Monday, February 01, 2010

Shoestring Gourmet

What makes a shoestring gourmet meal? Shoestring is self-explanatory - it means a quality meal that didn't cost a lot. Well we can say that about a lot of the meals we cook. To a certain extent ALL home-cooked meals can turn out to be good, even if they do cost only pennies..
Gourmet stands for quality of the produce cooked, but also for standard and expertise of cooking and the presentation of the meal itself. Here we may have different ideas on this. May have got it wrong, but think Gourmand means the person who prefers and enjoys eating Gourmet food.

Those of you who watched Delia last week will remember that time when Nouvelle Cuisine hit our plates. Quality food it certainly was, but we needed a magnifying glass to see it. Since then portions have increased, along with the price, but there is nothing the chefs do that we can't do ourselves - if we wish to.
Fortunately Beloved is not a lover of 'jus' drizzled across his plate, and much prefers to have a small jug of gravy to pour over what he wishes. This makes the presentation a lot easier for me, although I certainly respect the produce I cook and try to cook it to perfection - especially when I know the cost (although not THAT much, as I never spend much more than the higher side of cheap) - and always make the serving look as appetising as possible.

As produce - my aim is to always buy free-range eggs, free-range chickens (occasionally), fresh produce from the farmers' markets, and grow as many salads and other veg that our small garden can contain. Tend to sit on the fence when it comes to the 'organics', for this does not mean vegetables are grown without using fertiliser and pesticides. These are still needed, but made from a 'natural' source, rather than chemicals.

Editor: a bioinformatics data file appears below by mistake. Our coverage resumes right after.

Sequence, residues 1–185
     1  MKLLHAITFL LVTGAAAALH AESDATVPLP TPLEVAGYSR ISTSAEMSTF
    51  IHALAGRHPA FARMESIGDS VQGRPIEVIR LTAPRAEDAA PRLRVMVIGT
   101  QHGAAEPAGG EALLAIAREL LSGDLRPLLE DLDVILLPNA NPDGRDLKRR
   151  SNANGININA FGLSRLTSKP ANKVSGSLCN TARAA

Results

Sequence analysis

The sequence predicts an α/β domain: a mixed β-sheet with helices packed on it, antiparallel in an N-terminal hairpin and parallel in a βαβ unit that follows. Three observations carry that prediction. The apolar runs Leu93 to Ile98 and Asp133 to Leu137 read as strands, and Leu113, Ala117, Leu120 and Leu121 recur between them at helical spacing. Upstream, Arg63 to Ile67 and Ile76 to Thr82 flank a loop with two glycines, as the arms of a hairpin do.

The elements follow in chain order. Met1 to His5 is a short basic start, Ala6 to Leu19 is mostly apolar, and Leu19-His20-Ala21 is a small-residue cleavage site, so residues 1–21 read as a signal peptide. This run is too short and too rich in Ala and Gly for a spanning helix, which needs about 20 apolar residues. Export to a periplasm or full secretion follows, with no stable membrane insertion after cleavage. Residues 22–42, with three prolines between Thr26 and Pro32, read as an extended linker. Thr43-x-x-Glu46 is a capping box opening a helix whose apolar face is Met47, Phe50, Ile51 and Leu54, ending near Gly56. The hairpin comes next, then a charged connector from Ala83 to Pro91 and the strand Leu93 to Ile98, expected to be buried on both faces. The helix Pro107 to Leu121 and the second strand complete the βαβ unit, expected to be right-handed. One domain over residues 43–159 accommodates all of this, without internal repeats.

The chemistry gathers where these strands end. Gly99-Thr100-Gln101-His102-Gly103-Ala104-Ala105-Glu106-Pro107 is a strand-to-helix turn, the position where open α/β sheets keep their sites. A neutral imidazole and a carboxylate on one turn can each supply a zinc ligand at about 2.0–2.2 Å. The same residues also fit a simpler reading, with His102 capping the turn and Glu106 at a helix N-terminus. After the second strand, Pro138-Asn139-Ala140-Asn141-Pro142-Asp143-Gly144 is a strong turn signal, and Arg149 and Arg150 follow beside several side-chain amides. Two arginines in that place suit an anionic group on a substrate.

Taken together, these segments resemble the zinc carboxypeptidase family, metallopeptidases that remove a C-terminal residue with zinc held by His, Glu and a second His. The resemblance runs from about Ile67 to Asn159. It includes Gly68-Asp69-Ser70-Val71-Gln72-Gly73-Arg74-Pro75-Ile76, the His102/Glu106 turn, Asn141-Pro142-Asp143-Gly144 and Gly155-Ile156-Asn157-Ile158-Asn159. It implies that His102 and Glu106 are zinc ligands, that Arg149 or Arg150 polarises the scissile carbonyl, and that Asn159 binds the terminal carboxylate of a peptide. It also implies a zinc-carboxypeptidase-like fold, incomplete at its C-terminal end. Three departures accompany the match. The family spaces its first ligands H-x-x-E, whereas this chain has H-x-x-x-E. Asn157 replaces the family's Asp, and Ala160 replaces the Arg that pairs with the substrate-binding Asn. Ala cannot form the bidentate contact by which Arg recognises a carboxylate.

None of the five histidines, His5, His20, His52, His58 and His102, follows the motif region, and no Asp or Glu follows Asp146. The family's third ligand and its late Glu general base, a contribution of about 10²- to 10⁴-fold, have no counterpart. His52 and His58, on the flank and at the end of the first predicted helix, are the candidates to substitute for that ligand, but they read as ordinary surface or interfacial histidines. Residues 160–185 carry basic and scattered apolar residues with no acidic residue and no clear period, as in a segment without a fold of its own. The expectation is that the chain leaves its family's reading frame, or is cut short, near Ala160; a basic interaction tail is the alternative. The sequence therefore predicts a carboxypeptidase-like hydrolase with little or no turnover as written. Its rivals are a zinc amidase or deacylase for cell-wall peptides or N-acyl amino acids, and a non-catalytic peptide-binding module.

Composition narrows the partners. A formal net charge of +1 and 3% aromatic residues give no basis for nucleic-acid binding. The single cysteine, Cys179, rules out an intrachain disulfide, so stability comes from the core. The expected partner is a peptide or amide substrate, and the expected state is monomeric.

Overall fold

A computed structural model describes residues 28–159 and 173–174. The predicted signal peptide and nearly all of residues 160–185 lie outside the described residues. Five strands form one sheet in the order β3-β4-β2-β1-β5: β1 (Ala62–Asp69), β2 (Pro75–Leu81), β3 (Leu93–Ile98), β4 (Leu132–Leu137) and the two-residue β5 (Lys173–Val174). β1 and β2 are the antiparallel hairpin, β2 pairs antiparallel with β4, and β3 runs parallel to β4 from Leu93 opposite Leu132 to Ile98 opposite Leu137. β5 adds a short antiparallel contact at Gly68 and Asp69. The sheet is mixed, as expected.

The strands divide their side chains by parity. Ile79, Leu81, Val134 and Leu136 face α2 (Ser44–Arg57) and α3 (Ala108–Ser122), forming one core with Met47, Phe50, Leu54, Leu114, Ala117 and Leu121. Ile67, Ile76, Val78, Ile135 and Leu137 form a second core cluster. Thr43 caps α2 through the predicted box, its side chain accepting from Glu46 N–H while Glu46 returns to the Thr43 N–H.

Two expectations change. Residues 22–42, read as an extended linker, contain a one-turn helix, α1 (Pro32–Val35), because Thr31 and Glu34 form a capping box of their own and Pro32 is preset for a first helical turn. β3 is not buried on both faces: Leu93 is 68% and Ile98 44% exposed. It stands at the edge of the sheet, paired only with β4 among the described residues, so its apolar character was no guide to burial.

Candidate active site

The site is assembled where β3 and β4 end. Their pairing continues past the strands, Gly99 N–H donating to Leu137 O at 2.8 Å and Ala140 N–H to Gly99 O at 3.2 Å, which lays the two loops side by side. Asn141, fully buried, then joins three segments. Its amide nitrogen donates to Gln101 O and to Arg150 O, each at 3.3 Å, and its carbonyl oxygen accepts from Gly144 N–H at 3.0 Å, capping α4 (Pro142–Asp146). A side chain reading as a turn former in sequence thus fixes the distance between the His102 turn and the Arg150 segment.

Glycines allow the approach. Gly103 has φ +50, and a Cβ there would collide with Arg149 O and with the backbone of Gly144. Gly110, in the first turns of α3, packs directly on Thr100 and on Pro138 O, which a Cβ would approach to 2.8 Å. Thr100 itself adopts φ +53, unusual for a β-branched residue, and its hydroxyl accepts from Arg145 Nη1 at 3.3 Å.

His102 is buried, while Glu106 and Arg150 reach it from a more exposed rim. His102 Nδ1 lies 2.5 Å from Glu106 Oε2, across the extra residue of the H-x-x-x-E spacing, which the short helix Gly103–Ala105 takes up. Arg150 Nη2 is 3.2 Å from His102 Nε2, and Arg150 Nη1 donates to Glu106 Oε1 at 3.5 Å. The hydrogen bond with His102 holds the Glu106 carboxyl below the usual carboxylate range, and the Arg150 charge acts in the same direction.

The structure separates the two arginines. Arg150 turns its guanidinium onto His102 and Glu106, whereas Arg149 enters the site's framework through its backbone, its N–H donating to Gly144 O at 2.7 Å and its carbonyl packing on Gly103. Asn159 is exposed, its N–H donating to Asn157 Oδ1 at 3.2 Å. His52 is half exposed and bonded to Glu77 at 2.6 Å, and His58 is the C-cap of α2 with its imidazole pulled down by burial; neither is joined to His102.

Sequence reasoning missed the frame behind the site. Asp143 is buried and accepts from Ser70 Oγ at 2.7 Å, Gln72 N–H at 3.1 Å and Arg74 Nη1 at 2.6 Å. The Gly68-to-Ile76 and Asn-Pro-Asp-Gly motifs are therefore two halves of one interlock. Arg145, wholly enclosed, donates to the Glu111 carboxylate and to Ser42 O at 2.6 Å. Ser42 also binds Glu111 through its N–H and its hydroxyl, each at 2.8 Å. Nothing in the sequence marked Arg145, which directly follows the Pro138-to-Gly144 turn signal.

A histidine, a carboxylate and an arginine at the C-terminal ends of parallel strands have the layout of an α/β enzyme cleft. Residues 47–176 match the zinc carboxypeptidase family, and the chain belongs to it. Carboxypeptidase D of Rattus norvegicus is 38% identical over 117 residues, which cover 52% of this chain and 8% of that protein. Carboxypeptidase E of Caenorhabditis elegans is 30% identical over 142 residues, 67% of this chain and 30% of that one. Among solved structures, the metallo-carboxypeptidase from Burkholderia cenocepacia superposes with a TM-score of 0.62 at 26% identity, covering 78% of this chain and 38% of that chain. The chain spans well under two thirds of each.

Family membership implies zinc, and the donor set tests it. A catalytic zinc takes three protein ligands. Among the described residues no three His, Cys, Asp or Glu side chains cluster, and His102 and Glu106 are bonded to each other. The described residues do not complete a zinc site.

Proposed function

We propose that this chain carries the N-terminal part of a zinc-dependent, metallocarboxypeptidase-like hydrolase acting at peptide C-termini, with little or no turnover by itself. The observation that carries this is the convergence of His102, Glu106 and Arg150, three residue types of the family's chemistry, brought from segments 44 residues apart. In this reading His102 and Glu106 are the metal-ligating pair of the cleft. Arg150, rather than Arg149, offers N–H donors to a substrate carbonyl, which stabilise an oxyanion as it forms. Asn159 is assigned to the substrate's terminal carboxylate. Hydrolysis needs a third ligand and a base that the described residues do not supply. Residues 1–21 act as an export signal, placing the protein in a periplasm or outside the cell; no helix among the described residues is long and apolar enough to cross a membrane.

In fact, read only the other day that all fruit and vegetables that have thick skin that would normally be removed before eating/cooking, are - internally - the same as those grown organically, for nothing sprayed on the surface will get down to the flesh inside. Citrus fruits, bananas, butternut squash... all come to mind. The thinner the skin, the more need to wash and peel. It is best to grow our own soft fruits then we can be sure these are as 'clean' as possible. Apparently onions and garlic are by their very nature 'pest proof', so no need to pay more for organically grown.

Eating a hearty breakfast of the Full English variety can be quite a good thing, as long as this would be the main meal of the day, and less eaten later. For one thing there would be enough nutrition there to keep us going for hours, and also give us time to work off those extra calories during the day. The old saying is "eat like a king at breakfast, and a pauper at supper" makes a lot of sense.